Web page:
Classroom Culture, Challenging Mathematical Tasks, and Student Persistence

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This article discussed the importance of creating a classroom culture that supports students in persisting with mathematical tasks.  The goal is to create an environment where students feel comfortable tackling more cognitively challenging problems and persisting in finding a solution.

The key components of successfully accomplishing this are:

1. The way the tasks are introduced. If students are given preliminary experience, they were more comfortable in engaging in the task and persisting with it.

2.  Providing support to students. It is important to allow students time to struggle individually, followed by working collaboratively, as well as overcoming the tendency to give students “hints” and to use prompts that differentiate the task.  The authors make the point that you can provide support for students without detracting their opportunity to understand the math.

3.  Providing an extension task.  It allows students who have finished to explore the topic with more depth and allows those students who are still working adequate time to work with the task to a conclusion.

4.  The sharing of student solutions.  The authors note that is important to observe students as they’re working and to thoughtfully choose students to contribute.  This allows students to explain their strategies and see that they are making an important contribution to the classroom.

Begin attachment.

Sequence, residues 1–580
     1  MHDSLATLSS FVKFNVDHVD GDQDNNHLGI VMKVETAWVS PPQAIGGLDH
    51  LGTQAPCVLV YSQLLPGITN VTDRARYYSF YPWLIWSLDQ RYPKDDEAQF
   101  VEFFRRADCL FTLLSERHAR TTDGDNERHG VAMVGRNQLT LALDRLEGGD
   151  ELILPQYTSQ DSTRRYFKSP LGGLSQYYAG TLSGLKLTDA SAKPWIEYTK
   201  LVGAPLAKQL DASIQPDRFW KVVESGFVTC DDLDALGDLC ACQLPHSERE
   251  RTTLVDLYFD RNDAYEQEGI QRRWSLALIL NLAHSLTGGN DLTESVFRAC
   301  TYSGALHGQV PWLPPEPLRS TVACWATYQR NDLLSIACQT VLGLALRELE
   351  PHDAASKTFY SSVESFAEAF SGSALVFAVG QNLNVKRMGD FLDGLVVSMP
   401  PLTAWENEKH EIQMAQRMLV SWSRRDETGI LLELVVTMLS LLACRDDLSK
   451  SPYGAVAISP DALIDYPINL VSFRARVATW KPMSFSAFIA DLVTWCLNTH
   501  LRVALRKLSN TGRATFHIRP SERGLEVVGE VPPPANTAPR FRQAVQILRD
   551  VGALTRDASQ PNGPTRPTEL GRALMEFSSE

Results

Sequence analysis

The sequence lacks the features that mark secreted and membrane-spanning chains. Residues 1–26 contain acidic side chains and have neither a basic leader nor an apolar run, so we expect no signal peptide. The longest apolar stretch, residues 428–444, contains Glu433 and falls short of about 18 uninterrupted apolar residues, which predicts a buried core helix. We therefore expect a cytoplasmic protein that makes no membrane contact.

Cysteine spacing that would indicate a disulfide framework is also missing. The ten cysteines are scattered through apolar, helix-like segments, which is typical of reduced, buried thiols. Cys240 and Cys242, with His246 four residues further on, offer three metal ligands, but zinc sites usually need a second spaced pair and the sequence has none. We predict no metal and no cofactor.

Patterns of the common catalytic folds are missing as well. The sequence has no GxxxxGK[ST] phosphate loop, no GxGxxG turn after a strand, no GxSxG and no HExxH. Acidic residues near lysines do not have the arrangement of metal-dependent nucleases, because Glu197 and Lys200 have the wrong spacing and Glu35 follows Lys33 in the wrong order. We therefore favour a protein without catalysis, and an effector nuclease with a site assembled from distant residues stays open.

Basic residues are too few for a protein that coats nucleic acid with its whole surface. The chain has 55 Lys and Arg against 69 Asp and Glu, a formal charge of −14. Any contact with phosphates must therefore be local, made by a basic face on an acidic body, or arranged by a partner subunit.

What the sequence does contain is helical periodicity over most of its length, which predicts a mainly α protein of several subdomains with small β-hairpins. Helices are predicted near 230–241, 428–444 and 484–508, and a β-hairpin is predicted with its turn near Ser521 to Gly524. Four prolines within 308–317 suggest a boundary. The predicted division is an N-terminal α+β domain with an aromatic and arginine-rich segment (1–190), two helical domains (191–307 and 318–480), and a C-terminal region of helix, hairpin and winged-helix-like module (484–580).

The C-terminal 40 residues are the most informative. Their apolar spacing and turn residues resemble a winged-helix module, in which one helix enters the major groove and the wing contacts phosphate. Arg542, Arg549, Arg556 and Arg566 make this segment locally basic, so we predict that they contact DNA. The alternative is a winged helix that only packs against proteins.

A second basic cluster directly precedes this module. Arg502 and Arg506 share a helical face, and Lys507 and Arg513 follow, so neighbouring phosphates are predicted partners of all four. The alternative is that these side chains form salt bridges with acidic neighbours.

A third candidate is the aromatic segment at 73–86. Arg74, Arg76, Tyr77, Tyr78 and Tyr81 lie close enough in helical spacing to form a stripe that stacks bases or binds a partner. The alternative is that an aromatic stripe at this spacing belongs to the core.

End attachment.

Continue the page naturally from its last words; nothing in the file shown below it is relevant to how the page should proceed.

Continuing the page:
5.  The method of assessment.  Students who feel like they are being assessed competitively (compared to their peers) are less willing to participate. Using a criterion-based rubric encourages students to participate and persist, because they can see up front how they will be graded, as well as encouraged them to reflect on their learning.

Overall, the authors concluded that a positive classroom environment is not just rules and procedures, but ongoing and interactive support from the teacher.

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3 thoughts on “Classroom Culture, Challenging Mathematical Tasks, and Student Persistence

  1. The whole point is to get them comfortable with higher order questions, and even in general, I want them to get comfortable talking with me and asking questions at first! I think these steps are important for a new teacher too! I want students to be comfortable and are able to follow along with how I display the material, and want to share their answers with me as well as their classmates. Ideally, everything we try to do is get our students to think with high questions; yet I want some of my students to just be able to see how to process basic skills, the higher thinking will have to come later.

    • Definitely want to work towards those higher order questions. Students often resist and push teachers to lower their expectations. Important to figure out ways to push them back to higher expectations for thinking!

  2. Acacia,
    This is a good summary of the article, but what I am also interested in is your perspective on the article. Was it useful? Did you believe their arguments? You identify key points here about trying to use more cognitively complex problems in class to encourage students’ engagement and help them make better use of their mathematics. We often tell students what tools to use when or they are implied by the unit. Important for them to get to the point in which they see math as tools for different situations and be able to enter into a context and pick the right tool for the moment. This takes a lot of scaffolding for students–for their dispositions to persist as well as their abilities to decipher situations mathematically. How might you create a trajectory so that students are very capable by the end of the year?

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